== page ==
Using a scanning electron microscope (SEM) and an image analyzer, we have developed a technique for counting and measuring cracks in rocks which is more efficient than traditional techniques in which an operator performs all image analysis functions. The key aspect of the technique is that black-on-white tracings of fresh cracks, which can be made rather rapidly by an operator, are measured and digitized by an image analyzer. The most time-consuming step in the process has now become the generation of SEM micrographs and pertinent chemical (mineralogical) information, not the quantification of crack structure. The technique has been applied to two studies involving nuclear waste isolation in a granitic rock, Climax Stock (Nevada Test Site) quartz monzonite, a Cretaceous age rock which is structurally very inhomogeneous. One study detected a relationship between crack structure and distance from a hammer-drilled borehole; the other study was unable to detect a relationship between crack structure and gamma irradiation treatment in rocks loaded to near failure.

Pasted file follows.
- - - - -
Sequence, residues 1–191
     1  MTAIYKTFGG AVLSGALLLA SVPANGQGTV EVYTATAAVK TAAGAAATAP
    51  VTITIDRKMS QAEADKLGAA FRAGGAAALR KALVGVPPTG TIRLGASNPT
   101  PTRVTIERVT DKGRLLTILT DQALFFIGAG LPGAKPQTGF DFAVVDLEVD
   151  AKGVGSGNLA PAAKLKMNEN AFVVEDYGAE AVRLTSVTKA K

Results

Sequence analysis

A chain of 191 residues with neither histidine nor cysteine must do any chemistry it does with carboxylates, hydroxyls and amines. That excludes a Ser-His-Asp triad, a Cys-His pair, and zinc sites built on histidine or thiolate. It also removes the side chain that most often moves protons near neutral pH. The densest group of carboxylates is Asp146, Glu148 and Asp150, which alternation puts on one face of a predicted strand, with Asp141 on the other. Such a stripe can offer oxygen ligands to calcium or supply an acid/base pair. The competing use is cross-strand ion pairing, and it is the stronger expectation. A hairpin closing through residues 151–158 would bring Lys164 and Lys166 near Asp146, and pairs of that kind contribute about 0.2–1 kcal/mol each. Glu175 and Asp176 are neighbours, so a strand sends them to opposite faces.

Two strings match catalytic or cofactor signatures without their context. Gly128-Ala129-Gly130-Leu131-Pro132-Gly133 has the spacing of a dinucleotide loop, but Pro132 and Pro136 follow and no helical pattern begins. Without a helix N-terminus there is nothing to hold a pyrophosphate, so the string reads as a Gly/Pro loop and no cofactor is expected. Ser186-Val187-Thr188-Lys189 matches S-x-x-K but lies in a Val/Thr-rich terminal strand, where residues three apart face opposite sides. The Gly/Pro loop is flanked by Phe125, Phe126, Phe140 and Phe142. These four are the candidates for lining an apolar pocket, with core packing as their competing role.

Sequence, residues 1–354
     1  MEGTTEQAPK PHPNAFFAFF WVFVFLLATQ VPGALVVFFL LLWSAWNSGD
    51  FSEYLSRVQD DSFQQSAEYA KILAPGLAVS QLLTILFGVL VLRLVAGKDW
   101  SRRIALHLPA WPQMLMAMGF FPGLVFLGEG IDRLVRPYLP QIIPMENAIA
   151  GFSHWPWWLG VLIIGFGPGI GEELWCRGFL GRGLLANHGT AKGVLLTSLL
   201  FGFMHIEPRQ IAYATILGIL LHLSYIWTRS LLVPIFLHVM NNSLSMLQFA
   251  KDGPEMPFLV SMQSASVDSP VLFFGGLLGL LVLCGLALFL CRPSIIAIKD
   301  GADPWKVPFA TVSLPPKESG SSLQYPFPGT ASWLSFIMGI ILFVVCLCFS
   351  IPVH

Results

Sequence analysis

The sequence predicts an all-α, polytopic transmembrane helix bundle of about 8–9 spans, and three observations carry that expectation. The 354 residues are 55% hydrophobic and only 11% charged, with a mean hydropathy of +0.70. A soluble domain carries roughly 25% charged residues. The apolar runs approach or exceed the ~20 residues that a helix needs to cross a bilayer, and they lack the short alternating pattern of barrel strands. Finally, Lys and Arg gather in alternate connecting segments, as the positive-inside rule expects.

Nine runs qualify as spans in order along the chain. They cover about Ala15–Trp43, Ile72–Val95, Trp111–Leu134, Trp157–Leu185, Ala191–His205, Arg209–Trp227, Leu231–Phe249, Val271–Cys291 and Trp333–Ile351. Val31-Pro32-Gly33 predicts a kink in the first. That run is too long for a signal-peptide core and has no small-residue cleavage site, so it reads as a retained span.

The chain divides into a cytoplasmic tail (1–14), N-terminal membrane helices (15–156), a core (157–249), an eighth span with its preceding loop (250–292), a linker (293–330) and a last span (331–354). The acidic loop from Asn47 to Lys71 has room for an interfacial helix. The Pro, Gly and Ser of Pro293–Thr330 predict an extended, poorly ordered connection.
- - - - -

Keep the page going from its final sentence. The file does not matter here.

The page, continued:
Durham, W. B.; Beiriger, J. M.; and Weed, H. C.
"A Rapid Technique for Counting Cracks in Rocks,"
Scanning Electron Microscopy: Vol. 1985
, Article 12.
Available at: https://digitalcommons.usu.edu/electron/vol1985/iss1/12